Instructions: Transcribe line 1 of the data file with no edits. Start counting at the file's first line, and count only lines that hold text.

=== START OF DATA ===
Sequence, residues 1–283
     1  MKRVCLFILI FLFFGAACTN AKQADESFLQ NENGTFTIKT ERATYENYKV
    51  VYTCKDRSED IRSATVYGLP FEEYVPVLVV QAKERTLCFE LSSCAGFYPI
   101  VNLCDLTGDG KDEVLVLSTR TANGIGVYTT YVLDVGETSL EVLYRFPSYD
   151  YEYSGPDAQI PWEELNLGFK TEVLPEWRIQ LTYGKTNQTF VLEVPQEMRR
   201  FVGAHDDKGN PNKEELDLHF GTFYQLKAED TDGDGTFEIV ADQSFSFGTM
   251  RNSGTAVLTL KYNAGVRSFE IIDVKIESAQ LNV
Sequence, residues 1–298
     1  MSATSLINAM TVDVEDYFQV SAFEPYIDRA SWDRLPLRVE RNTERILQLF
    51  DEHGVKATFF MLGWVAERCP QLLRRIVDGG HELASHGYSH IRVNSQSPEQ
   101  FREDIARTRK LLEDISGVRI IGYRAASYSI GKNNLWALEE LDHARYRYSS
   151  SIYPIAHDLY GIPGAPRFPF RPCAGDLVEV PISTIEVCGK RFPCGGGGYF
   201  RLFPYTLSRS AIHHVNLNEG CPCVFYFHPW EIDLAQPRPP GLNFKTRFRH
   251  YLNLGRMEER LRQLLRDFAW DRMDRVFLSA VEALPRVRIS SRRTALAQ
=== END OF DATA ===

Sequence, residues 1–283